Goldstone Report on Gaza War Crimes Presented to the Human Rights Council
Yesterday, international jurist Richard Goldstone presented a report to the Human Rights Council on breaches of international humanitarian law in the Gaza conflict which had found strong evidence of violations during Israel’s military assault that lasted from December 2008 to January 2009, and claimed more than 1400 lives. The report concluded that Israel and Hamas were responsible for numerous serious violations of the laws of war, some amounting to war crimes, and called on both parties to conduct impartial investigations to determine who was responsible for ordering or carrying out these violations within six months. The 47-member Council council has already condemned Israel in a statement last January and is expected to take a hard line this week. It is further expected that the report will be forwarded to the UN Security Council with a recommendation that war crimes trials be considered.
The report, which the Mission released at the UN headquarters on September 15 finds strong evidence of war crimes and crimes against humanity committed by the Israeli forces. The main recommendation of the Mission is for the Security Council to require Israel, in the spirit of complementarity, to report within six months on prosecutions it carries. If the relevant authorities fail in this task, the Council should refer the matter to the prosecutor of the ICC. Interestingly, Haaretz this morning reports that Israeli Prime Minister Benjamin Netanyahu plans to present a proposal Thursday to open an investigative commission to probe the findings of the Goldstone Commission report on Gaza. This is of course a minimum expectation, but the previous inquiry into the Sabra and Shatila massacre suggests it might not be done entirely in bad faith.
Justice Goldstone (a judge of Jewish descent if that indeed is in any way relevant) writes that the evidence, collected over several visits to Gaza, indicates that civilian targets were deliberately hit, a violation of the rules of war. The report describes the attacks as “a deliberately disproportionate attack designed to punish, humiliate and terrorise a civilian population”. The Goldstone findings are wholly consistent with those of Amnesty International, the International Committee of the Red Cross, and many other human rights organizations. The report also condemns attacks from Palestinian territory in the form of unguided missiles that fell on Israeli settlements shortly before Israel launched its campaign. It says that besides the three Israeli civilians and one soldier killed in these attacks, trauma was spread among the entire population as rockets fell among them.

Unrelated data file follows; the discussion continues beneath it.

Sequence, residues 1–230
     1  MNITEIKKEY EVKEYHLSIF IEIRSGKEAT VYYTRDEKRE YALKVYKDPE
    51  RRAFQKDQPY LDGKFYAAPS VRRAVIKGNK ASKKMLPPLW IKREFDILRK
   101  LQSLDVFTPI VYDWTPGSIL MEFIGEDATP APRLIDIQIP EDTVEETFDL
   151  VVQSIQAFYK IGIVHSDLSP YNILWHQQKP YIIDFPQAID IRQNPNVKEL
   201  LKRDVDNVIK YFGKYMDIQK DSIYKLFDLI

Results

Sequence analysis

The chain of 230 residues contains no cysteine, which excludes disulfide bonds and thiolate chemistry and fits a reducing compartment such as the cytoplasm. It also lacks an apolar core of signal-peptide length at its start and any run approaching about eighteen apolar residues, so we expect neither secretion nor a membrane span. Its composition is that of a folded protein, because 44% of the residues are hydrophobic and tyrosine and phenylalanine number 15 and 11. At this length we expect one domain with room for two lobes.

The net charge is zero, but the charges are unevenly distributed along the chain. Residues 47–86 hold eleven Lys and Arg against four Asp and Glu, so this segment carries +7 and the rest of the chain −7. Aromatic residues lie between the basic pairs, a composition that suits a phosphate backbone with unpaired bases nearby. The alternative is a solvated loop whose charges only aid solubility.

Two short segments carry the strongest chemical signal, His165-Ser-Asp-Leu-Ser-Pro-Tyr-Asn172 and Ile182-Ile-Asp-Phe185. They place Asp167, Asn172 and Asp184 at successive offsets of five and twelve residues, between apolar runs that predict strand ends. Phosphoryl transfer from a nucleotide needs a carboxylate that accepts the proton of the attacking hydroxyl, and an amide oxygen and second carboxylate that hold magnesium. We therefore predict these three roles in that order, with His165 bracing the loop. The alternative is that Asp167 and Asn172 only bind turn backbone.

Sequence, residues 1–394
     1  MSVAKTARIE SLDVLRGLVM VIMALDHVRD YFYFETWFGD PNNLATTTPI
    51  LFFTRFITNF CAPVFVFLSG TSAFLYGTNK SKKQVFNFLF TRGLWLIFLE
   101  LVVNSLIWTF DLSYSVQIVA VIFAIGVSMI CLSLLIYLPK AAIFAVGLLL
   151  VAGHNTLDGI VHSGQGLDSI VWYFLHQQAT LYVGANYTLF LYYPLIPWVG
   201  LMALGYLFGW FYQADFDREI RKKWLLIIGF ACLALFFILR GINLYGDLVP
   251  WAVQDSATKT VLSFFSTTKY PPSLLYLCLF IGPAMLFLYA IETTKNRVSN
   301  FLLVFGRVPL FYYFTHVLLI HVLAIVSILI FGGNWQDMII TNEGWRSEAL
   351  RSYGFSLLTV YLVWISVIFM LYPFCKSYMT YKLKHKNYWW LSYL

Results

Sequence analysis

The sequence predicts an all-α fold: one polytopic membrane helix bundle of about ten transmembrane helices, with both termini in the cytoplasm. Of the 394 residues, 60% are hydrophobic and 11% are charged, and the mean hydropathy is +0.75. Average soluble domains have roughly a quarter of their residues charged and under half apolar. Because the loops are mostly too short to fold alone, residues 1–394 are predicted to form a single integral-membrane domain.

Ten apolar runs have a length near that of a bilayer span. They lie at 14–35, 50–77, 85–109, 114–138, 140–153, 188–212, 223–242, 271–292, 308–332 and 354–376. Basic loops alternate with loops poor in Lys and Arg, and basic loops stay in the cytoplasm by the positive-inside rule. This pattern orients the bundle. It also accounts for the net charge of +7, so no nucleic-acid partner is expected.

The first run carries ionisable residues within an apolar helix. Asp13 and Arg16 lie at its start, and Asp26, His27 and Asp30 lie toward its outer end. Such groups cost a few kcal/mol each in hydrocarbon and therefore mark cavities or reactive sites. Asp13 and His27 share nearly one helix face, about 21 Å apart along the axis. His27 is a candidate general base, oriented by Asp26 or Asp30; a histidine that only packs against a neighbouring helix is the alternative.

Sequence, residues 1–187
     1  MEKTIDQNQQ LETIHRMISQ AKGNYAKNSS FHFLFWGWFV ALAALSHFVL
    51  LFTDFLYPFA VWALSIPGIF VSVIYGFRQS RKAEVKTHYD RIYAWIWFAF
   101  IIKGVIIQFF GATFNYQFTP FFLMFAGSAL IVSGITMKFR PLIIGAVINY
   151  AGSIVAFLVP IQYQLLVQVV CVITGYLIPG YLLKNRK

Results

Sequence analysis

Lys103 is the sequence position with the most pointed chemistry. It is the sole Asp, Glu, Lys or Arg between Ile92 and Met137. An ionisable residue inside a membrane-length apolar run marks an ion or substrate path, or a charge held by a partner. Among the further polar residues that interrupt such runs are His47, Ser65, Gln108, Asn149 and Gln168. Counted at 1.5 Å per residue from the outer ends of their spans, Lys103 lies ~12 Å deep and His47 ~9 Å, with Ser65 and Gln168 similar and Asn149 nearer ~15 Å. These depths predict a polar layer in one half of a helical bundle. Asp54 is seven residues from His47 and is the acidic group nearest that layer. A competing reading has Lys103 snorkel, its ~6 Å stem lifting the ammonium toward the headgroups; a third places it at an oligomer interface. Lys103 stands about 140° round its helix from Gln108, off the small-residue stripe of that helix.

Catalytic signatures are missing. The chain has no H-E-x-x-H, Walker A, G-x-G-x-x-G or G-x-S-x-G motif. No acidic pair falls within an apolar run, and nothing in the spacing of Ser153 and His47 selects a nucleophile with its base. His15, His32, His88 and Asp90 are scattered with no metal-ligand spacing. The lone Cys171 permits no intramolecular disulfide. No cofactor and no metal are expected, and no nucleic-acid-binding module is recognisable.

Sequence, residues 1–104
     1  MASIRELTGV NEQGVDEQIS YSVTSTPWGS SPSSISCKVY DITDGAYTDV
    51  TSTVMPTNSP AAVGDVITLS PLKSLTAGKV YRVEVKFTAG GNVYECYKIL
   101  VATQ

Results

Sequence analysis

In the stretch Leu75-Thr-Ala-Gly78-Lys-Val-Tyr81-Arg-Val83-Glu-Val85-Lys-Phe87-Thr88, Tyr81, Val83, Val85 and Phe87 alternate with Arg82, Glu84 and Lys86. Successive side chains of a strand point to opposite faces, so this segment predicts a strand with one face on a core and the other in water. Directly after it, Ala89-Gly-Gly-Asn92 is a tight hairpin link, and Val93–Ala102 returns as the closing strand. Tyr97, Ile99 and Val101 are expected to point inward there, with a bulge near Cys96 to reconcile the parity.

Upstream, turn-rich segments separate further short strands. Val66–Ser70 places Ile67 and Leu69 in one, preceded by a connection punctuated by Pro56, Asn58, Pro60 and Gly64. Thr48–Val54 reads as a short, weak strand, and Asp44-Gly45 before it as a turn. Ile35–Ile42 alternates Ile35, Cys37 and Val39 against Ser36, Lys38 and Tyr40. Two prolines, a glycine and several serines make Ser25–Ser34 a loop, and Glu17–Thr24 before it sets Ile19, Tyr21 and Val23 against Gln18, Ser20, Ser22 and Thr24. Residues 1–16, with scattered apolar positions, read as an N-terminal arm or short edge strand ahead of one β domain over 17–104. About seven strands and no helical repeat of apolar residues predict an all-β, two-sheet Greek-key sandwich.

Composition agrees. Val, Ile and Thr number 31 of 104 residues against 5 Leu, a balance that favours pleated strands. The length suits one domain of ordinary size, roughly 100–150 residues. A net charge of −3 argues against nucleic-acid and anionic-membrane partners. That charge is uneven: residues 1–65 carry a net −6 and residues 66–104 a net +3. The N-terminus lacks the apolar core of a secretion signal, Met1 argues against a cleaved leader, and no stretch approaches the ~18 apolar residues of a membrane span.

Humanitarian lawyers and academics will be better prepared than yours truly to comment on the substance of the 452-page report. However, opposition to the report, its conclusions and its likely future direction are predictable. Top officials in Jerusalem and Tel Aviv have stated that the report is full of lies and distortions which demand an examination of how Goldstone arrived at his conclusions. The US Assistant Secretary for Democracy, Michael Posner, has described it as “deeply flawed.” Depresingly, even the Obama administration’s envoy to the UN, Susan Rice, has also called the “mandate” of the UN Fact Finding Mission on Gaza as “unacceptable. ….We have long expressed our very serious concern with the mandate that was given by the Human Rights Council prior to our joining the Council, which we viewed as unbalanced, one-sided and basically unacceptable,” she told reporters at the UN after its release.
The Irish Times, among others, reports that US officials fear that a war crimes process targeting the very leaders supposed to craft a peace process will mean the end of that process. As they note, this is the Achilles’ heel of war crimes courts – the argument that in some cases the search for justice can actually hinder the search for peace. Justice Goldstone, with years of experience most notably in the ICTY, rejects this position. He told the council that justice is the cement on which peace is built: “The ongoing lack of justice is undermining any hope for a successful peace process and reinforcing an environment that fosters violence.” In truth, this position is simplistic and demonstrably false in view of the numerous historical examples of states transitioning to peace without trials of any sort. Nevertheless, it is unlikely that any potential trials would derail the peace process in the unlikely event of their being realised. Land and security are what have made the peace process intractable. In view of problems of this magnitude, the slight possibility of prosecutions for crimes Israel will never extradite for and the US will never support is in fact a side issue.
Postscript: On Tuesday, a UK court deferred until further notice an appeal by local pro-Palestinian groups to issue an arrest warrant against Barak for his conduct as Defense Minister during Cast Lead.